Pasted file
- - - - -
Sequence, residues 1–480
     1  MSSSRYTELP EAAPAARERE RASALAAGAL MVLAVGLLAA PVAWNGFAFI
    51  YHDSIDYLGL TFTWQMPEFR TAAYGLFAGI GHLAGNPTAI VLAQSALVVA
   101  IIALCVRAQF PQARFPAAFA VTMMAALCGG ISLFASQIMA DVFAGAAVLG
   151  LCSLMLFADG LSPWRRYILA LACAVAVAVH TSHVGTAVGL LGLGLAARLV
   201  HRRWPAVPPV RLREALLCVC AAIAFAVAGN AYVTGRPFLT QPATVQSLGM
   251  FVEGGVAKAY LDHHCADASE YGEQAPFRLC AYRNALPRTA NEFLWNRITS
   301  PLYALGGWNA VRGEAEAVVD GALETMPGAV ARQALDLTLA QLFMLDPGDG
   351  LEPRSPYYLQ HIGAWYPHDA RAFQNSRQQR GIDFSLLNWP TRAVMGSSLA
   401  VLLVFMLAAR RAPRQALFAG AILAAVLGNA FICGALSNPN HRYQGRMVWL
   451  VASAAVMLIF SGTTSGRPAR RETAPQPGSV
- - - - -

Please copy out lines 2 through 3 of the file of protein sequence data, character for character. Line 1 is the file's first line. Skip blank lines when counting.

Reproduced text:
     1  MSSSRYTELP EAAPAARERE RASALAAGAL MVLAVGLLAA PVAWNGFAFI
    51  YHDSIDYLGL TFTWQMPEFR TAAYGLFAGI GHLAGNPTAI VLAQSALVVA